On the space station now: Ireland’s first fear spáis
From hundreds of kilometres above Earth, Chris Hadfield has tweeted his way into Irish hearts
Astronaut Chris Hadfield celebrated St Patrick's Day from the International Space Station
As evidenced by the lack of ticker-tape parades, Ireland has yet to put an astronaut in space. Bill Cullen used to boast that he would become the first, but that has yet to come to pass. How the history books would have had to clear their throats before each mention of that moment of national glory. Yuri Gagarin. John Glenn. Ahem, Bill Cullen.
Anyhow, having waited this long for Ireland to send some plucky sort into orbit, it turns out that someone has snuck up there while we weren’t paying attention. His name is Commander Chris Hadfield. He isn’t Irish but Canadian.
Nevertheless, his daughter lives in Dublin, and he tweets in Irish, sings a mean Danny Boy , wore at least three of the 40 shades of green on St Patrick’s Day and so regularly photographs Ireland from space that you’d want to be wary of sunbathing topless in the back garden, just in case.
Commander Hadfield – a man with a moustache so fine you feel that you could buff your best shoes on it – has become the latest social-media star of the International Space Station. There has been a succession of them in recent years, as astronauts have talked the world through their days and taken requests for photographs from citizens of various countries.
The result has been a mix of wonder and the workaday that is endlessly compelling. And it is a precursor to the next great leap in space travel: the era of the everyman astronaut.
There was a time when astronauts were held up as heroes, pioneers, adventurers. That faded quickly, their exploits were only occasionally noted, and their names were remembered only if appended to a tragedy.
We are, though, seeing a return of the astronaut in the public consciousness, because they’ve found a way to make themselves seem grounded even at 370km above Earth.
A natural TV presenter, Commander Hadfield has been making YouTube videos about how he clips his nails, makes peanut-butter sandwiches and the like, and there is the sense that even while commanding a multibillion-dollar spacecraft he’s also doing what so many do online: goofing off.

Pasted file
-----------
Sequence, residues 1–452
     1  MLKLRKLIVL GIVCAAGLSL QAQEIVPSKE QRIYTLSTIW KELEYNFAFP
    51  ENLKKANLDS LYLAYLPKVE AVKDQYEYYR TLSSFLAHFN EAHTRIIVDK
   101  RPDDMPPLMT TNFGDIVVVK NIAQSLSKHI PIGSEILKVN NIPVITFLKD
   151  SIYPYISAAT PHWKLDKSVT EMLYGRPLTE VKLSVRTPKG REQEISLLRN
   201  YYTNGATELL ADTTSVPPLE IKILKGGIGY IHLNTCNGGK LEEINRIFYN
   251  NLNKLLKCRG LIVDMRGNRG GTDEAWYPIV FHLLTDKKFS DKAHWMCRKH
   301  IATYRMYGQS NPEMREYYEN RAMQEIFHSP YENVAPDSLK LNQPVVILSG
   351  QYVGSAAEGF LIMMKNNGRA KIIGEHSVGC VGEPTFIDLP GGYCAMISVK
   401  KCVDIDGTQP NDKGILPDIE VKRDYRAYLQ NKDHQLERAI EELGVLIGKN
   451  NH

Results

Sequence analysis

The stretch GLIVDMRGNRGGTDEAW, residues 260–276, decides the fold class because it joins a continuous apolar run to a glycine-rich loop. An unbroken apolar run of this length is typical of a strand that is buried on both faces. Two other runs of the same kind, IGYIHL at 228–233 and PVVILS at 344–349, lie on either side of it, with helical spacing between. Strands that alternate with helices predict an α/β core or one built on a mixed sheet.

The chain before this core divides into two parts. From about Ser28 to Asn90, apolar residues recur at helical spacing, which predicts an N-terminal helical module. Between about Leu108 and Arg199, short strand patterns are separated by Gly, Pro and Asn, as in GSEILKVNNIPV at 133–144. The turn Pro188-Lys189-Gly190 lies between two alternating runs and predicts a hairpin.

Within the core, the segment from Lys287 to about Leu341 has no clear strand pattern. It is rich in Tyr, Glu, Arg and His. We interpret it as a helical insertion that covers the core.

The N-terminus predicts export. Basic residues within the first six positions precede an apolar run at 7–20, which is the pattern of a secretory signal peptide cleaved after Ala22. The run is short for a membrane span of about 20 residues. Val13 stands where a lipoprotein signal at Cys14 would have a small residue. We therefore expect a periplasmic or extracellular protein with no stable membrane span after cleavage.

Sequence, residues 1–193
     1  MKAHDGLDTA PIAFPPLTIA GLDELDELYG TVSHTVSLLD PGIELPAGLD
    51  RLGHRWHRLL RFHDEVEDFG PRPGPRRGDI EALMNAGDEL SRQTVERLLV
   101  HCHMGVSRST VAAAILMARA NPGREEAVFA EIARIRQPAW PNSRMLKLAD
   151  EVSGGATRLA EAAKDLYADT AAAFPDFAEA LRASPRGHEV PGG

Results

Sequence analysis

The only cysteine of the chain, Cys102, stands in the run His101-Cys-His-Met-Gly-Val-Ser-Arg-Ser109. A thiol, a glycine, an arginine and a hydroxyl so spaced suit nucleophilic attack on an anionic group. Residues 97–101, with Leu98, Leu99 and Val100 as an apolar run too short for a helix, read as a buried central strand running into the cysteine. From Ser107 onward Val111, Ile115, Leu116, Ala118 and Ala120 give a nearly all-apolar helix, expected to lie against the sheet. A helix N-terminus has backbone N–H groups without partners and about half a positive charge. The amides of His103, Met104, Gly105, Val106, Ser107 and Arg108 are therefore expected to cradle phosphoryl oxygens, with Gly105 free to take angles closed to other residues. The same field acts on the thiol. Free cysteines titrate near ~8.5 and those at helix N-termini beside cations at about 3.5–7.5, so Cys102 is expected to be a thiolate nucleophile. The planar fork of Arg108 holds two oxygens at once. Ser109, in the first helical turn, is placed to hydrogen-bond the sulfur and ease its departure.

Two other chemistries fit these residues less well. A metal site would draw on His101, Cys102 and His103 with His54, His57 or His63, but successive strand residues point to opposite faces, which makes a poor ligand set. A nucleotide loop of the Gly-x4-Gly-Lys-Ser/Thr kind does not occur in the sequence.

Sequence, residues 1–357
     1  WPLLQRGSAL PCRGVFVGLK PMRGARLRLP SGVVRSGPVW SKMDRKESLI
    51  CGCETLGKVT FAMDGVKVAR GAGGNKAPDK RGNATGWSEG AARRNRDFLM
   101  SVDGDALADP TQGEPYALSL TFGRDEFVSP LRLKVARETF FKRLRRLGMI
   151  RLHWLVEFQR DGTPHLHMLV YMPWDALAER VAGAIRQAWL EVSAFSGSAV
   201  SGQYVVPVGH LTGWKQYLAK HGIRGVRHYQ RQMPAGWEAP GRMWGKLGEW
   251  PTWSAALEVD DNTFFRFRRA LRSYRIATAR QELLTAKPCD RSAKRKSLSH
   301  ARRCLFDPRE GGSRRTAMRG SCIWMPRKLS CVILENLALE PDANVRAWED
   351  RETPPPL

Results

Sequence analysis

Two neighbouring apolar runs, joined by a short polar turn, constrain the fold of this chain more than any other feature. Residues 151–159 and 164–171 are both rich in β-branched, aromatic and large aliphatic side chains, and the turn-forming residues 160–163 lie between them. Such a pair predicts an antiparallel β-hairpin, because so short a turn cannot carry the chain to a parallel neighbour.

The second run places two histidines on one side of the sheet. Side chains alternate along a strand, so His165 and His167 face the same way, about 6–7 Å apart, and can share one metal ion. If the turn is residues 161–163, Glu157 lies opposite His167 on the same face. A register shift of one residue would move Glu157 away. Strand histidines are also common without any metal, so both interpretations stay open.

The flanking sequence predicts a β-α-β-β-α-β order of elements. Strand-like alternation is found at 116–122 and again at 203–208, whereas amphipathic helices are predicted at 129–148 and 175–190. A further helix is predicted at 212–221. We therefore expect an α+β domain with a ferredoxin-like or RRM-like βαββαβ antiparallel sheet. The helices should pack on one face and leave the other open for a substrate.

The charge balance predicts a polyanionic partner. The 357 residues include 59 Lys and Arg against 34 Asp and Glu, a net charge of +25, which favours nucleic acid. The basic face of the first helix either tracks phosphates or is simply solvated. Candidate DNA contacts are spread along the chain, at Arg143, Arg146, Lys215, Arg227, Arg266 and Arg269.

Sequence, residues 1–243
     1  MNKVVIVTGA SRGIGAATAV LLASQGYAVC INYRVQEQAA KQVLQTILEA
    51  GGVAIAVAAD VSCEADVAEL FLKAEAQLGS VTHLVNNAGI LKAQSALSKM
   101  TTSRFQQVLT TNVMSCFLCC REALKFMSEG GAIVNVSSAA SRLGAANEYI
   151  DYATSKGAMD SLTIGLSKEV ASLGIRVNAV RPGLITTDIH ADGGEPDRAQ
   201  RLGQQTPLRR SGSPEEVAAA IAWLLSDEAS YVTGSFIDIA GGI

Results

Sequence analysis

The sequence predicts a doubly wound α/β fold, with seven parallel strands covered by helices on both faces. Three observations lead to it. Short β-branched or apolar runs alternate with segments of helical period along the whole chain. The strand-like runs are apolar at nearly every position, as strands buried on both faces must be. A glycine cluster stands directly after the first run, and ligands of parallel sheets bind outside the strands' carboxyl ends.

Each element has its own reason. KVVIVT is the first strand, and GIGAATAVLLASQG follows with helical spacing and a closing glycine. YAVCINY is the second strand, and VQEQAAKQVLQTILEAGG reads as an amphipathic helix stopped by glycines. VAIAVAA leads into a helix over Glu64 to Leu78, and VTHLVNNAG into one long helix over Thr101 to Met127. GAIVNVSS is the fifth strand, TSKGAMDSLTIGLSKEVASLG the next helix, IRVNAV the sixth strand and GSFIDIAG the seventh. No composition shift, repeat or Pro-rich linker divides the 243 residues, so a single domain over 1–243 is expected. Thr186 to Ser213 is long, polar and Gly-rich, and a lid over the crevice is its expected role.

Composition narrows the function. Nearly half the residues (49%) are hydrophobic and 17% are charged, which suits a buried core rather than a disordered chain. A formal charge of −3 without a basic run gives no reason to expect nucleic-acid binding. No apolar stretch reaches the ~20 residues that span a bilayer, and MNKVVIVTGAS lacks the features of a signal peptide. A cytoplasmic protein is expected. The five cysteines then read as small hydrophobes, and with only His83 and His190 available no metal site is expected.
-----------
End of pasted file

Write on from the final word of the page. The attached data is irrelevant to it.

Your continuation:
Neil Armstrong was a great hero of the 20th century, but he never seemed to be the goofing off type. (Buzz Aldrin, on the other hand . . .)
We’ve been spoiled by the early achievements in space, and the regular commute of the space shuttles, so a great deal of the awe has gone out of space travel. Even the most extraordinary achievements have become ho-hum.
Only this week, for example, there were (contested) claims that Voyager 1 , a small spacecraft that left Earth in 1977, has finally exited the solar system, as it is no longer being buffeted by a bubble of cosmic particles ejected by the sun.
Even without confirmation of that, it was a worthwhile reminder of a tiny probe that has travelled a remarkable distance. It is now a full 18 billion kilometres away – 123 times the distance from Earth to the sun.
Let’s just repeat that: human beings have sent a space ship that is about to leave the solar system. It has a twin following a couple of billion kilometres behind. Together, they will travel on through the universe for all eternity.
At some point, about five billion years from now, Earth will either be destroyed by a dying sun or cut loose in a moribund solar system. All traces of humanity will have been wiped from the planet. But the two voyagers will still be out there in the universe, relics of a lost civilisation, testament to the advancements of 20th-century
Humanity shrugs. So what? That’s not what space travel is about right now. It’s about the coming generation of civilian astronauts. It’s about private space companies that want to send people on one-way tickets to Mars. It’s about Lynx running a competition to send people to space. And when the makers of an acrid BO camouflage for teenage boys are sending people into space, then you know the stars must be our destination.
Chris Hadfield and his crew are among the privileged few now. There is great satisfaction in the way their appreciation of their circumstance has motivated them to share the adventure with us.
They went through what will someday be seen as the old-fashioned route to space, but they are among those who have become pioneers of a different sort: they are bringing the ordinary to the extraordinary.